Youth Monuments

  • Wear Jeans? Why “Made in America” Matters to You

    This is a guest post written by Celeste Drake, Trade & Globalization Policy Specialist at the AFL - CIO.

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    “Buy American.”  “Made in America.”  In today’s interconnected world, those ideas might seem more like leftovers from the Cold War – not important maxims for America’s future.  After all, young Americans are drinking Colombian coffee in the morning, skyping with friends in the UK at lunch, buying a made-in-China iPhone in the afternoon, and drinking Italian wine in the evening.  The idea of “Buying American,” or economic patriotism, might seem quaint, if not outright ridiculous.

    Fact is, making things in America isn’t an obsolete idea.  It’s how we built this country into the largest economy the world has ever seen.  And it’s imperative for America’s future. 

    In 2011, the US had a trade deficit of nearly $560 billion, fully $295 billion of which was a deficit in goods trade with China.  These deficits are not just about dollars; they represent our ability as a nation to make the things we consume and the products and technology we need to defend ourselves.  The iPhone may represent itself as proudly “designed in the USA,” but for how long?  Eventually, the designers and engineers want to be close to the production lines—it’s simply more efficient.  And if none of those production lines are in the US, the good design and engineering jobs soon won’t be either.  And for those of us concerned about job creation, giving up on manufacturing is simply silly—there’s not a one-to-one relationship between designers and those who physically make the product anyway.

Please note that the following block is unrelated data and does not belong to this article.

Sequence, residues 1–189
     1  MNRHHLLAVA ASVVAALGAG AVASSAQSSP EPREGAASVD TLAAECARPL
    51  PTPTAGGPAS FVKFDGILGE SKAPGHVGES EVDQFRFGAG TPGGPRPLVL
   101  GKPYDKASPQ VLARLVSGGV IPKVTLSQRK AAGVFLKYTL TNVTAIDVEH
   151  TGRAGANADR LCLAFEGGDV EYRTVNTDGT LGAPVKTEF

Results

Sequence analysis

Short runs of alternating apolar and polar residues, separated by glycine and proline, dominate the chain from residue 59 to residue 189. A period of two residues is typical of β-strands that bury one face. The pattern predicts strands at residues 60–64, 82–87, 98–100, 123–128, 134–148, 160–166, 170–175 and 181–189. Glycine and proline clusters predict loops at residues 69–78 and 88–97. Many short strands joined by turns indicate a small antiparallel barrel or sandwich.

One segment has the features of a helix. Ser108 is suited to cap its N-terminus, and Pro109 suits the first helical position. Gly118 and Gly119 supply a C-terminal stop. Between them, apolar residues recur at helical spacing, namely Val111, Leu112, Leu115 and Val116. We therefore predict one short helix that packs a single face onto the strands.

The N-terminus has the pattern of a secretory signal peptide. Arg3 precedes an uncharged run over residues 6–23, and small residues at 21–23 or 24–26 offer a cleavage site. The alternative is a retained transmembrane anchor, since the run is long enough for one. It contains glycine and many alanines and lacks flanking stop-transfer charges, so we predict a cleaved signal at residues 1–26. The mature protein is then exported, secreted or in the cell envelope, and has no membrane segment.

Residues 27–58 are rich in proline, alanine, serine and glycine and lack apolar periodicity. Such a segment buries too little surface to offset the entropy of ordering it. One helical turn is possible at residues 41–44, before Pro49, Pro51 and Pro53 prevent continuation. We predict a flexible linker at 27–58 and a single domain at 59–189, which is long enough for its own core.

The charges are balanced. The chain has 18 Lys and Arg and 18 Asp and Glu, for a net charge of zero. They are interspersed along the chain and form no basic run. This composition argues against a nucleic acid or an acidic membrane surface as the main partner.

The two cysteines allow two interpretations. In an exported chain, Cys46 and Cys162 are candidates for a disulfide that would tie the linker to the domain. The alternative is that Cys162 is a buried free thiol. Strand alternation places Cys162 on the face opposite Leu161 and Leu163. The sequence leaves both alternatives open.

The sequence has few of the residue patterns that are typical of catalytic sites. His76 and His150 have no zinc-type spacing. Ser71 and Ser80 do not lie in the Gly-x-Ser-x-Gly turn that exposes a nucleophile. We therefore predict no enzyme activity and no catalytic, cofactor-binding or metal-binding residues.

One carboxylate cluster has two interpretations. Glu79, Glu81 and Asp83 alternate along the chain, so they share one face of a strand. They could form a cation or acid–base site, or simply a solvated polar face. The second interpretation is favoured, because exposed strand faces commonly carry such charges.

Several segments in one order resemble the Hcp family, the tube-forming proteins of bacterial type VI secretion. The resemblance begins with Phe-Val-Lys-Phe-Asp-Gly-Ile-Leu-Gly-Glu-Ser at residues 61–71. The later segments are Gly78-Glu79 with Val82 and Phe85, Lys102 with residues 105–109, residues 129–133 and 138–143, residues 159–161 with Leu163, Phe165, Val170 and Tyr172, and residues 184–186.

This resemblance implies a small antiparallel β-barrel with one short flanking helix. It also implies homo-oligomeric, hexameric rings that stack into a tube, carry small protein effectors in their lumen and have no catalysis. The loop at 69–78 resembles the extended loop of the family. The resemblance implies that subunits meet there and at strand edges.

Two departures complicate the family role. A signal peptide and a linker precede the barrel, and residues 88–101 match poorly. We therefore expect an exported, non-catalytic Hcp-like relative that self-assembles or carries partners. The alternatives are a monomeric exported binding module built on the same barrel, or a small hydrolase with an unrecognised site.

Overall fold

When we rely on other countries to make the products we want—from food to clothing to computers, our own capabilities and technical, innovative, and productive capacity decline.  The US did not become the wealthiest country in the world by accident.  It happened because of deliberate policy choices, hard work, and ambition.  We can ensure there are good jobs, with decent pay and benefits, for Americans of all levels of education and ability, but we need that hard work and ambition—the right policy choices—and to avoid accepting that the current state of affairs is the best we can do.

    We can each do our part to contribute to that better future, with better jobs and a better economy.  And it’s not even that hard.  Some of us are doing it already.  Your neighbor who’s obsessed with organic foods, who only buys locally grown produce?  She’s doing it.  And your hipster friend, who refuses to shop at giant chain stores or eat at chain restaurants?  He’s doing it.  (In fact, as blogger Starre Vartan notes: as large, multi national corporations continue to move jobs overseas in order to take advantage of weak protections for workers and the environment, “hipster entrepreneurs might be the only ones employing Americans to make things 20-30 years from now.”).  Or, as Will Oremus argued recently on The Hive, some bigger businesses like Whole Foods, Etsy, and Kickstarter are helping to revive American manufacturing—which means job creation—as well. 

    For most younger Americans, our biggest expenses are food, housing, and clothing (and of course education if we’re paying tuition or paying off student loans).  In all of these purchases, we can make choices that create jobs here in the US, putting more money in Americans’ pockets, which creates demand, which means businesses boom, more jobs are created, and so on.  It’s called the virtuous circle.  And here’s how we can make it happen:

    ·       Housing: Housing is a classic “buy American” product.  New housing, and maintenance and repairs on existing housing stock, create jobs for our neighbors